Belle Cote, Iverness Co., Nova Scotia, Canada
Son of Lawrence and Lucy Leblanc, of Belle Cote, Iverness Co., Nova Scotia, Canada
Roman Catholic
Farm Helper
Service number
1940-12-04, Halifax, Nova Scotia, Canada
1941-09-27, United Kingdom
Date of death
Belgium, Killed in action
Regiment (Fallen buddies)
Royal Canadian Air Force
Cemetery reference
Plot 12 | Row G | Grave 1


Military grave
Additional info

Promoted to the rank of Sergeant on September 13, 1941.

Awarded the Pilot Flying badge on September 13, 1941.

Assigned to the 419 Squadron, Royal Canadian Air Force on February 26, 1942.

Letter from R.C.A.F. Casualty Officer:
Dear Mr. LeBlanc,

Further to my letter dated January 24 concerning your nephew, Flight Sergeant Charles Emile LeBlanc, the following is an extract from a letter received at these Headquarters from H. Captain Bourgoise L., which is self-explanatory. 

"With your letter of the 26th February we succeeded in finding that Flight Sergeant LeBlanc has been buried at Gooreind near Wuustwezel, Belgium. The 17th of June '42 at 04 hrs he tried to take his plane down. The others had jumped off and some were taken prisoner, the others went their way. He came down and hit trees and was killed, but the plane did not take fire and he was still at the wheel of command the Germans and Belgium police took him off dead. The Belgium police found a rosary in his pocket and told the Catholic priest of the place, who succeeded in getting permission from the German Officer to give him a Catholic burial. A German platoon paid him the honours of a hero ect. A German Officer made a speech at his burial and said LeBlanc ect., so these people got his name that way in hearing this Officer, for the Germans had taken all his papers and belongings away. These people put a cross, with LeBlanc written on, right on this tomb. We saw the priest and all the other people and they gave us photos of the burial which we have sent to the folks at home. I'm sending these informations thinking that they will interest you and might be of some use to your department."

Letter from former crew member:
Dear Sirs,

I am trying to find the home town or place of birth of my skipper, Sgt C. Emile LeBlanc, Captain of Wellington Bomber "N" for Nuts, X3359, 419 Squadron stationed at Mildenhall, Suffolk, United Kingdom.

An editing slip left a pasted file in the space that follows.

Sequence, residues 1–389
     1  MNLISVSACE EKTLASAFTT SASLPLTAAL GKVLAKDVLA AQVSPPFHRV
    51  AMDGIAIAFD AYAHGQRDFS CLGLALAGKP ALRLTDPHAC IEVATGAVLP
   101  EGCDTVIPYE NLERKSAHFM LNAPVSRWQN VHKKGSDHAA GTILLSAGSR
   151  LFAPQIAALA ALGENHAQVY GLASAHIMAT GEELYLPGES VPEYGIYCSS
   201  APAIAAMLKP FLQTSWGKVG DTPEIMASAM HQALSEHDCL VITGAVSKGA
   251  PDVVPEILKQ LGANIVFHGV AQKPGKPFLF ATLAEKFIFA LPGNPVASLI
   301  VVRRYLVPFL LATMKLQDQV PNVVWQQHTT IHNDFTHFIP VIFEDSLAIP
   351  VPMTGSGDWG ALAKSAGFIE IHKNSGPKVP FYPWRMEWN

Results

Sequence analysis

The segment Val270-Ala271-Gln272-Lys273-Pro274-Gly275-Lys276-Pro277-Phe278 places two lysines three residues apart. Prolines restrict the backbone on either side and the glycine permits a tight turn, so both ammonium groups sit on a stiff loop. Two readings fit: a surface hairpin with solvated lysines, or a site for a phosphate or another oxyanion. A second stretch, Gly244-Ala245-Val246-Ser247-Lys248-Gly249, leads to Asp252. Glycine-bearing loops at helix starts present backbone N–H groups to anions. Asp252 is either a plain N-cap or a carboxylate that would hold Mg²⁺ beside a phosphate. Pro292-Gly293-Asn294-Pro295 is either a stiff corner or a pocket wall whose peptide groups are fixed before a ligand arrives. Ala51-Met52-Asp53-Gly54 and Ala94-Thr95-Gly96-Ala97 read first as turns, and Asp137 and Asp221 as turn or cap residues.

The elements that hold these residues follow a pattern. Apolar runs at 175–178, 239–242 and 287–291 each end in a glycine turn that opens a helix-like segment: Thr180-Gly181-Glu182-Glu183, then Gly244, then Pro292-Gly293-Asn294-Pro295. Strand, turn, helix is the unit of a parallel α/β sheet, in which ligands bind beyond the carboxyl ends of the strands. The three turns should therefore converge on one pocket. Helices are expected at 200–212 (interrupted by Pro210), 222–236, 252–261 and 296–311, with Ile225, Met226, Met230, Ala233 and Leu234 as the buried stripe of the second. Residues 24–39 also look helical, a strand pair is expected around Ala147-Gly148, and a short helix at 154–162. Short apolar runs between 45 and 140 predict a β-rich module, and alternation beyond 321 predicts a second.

He was killed in a raid on Essen, Germany on June 16-17, 1942. I was a member of his crew who survived that crash and spent three years as a POW (Prisoner Of War).

He is buried at Adegem Cemetery in Belgium, I believe. 
I do not have his service number but hope you might help me with this matter. He was from Nova Scotia, Canada.

Yours truly,
Eric A. Winkler J/96415.

419 Squadron Wellington III X3359 VR-N - Essen, Germany
Took off from RAF Mildenhall at 23:55.
About 30 minutes out from the target, engine problems developed from the excessive vibration of starboard propeller. The vibration from the propeller damaged bearings and oil seals and soon the engine overheated. With only one other operating engine the Wellington lost most of the ability to hold it's altitude. 
Sgt. Leblanc the aircrafts pilot feathered the engine, and jettisoned the bombs to lighten the load. ( from information gathered more recently, the Wellington may have made it to Essen and there dropped it's bombs. It is not clear from remarks made by Angers or Watson from their MI9 reports.) But the Wellington continued to loose height, LeBlanc's next step was to dump fuel. Dumping enough to make a difference but to be able to still make it home. ( This information on dumping fuel is not mentioned in either reports made by Watson and Angers. Nor is it mentioned in a letter from Watson to Emile LeBlanc's brother some time after Watson made it back to England. 
Watson did mention icing conditions which are not mentioned from the source that this page is based on. They were continuing to loose height and only managed to level off at about 2,500 feet. With great care and ability Leblanc managed to inch it back up to 3,000 feet all the while no one had noticed they had wandered off course and heading for the heavily defended port city of Antwerp. 
Alone and caught in the concentrated fire power of hundreds of guns all along there path, with little amount of control the aircraft became an easy target and was hit. At a height of around 1,000 feet the bailout order was given, Watson helped the young pilot, Leblanc into his parachute. A chute that he would not have the chance to use, he had deliberately remained at the controls so that the others had a better chance to get out of the hopeless Wellington. 
The crew reported during their interviews later after being liberated that Sgt Leblanc had kept his sense of humour about him all the while with the things literally failing all around them. The aircraft came down near Wuustwezel 16 km to the North East of Antwerp. Two of the crew became Evaders while two more were interned in POW camps. (419 Squadron Association)

Pilot: R/76272 Sgt Charles Emile Leblanc RCAF - Adegem Canadian War Cemetery 

Navigator: J/7802 Plt Off John Henry Watson RCAF - Evaded via Comete Line.

Wireless Operator:R/71755 Sgt Eric Alfred Winkler RCAF - PoW/Stalag Luft 3 Sagan & Belaria, 
PoW Number 366. 

Wireless Operator/Air Gunner:R/77252 Sgt N W Bradley RCAF PoW Stalag Luft 3 Sagan & Belaria, PoW Number 309 

Air Gunner: R/78161 Sgt Joseph Arthur Angus Bruneau Angers RCAF - Evaded via Comete Line.

Charles Emile LEBLANC
German platoon paying honours. (Courtesy: 419 Squadron)


Burial witnessed by the Germans, a priest and the locals. (Courtesy: 419 Squadron)